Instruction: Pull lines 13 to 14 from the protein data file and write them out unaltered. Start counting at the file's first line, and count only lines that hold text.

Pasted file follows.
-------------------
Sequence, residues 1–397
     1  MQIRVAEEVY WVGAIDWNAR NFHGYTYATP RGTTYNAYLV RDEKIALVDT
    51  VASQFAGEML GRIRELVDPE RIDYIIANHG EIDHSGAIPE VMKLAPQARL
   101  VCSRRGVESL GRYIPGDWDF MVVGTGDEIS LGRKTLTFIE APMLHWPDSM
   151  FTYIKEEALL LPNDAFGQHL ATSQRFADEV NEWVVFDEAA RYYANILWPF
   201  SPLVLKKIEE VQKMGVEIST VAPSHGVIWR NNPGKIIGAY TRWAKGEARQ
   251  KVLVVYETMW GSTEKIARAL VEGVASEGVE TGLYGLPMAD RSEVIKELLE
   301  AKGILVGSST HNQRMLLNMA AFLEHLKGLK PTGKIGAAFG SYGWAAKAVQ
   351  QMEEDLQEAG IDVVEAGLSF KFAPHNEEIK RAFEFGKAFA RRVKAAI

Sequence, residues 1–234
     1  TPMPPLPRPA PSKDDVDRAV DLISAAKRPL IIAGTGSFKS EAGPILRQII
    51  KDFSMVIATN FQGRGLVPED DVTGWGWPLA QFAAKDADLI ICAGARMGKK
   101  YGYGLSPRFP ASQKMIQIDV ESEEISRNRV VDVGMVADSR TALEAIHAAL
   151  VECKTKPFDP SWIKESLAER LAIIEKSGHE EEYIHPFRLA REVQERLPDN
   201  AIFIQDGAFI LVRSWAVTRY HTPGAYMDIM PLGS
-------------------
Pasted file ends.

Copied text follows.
   101  YGYGLSPRFP ASQKMIQIDV ESEEISRNRV VDVGMVADSR TALEAIHAAL
   151  VECKTKPFDP SWIKESLAER LAIIEKSGHE EEYIHPFRLA REVQERLPDN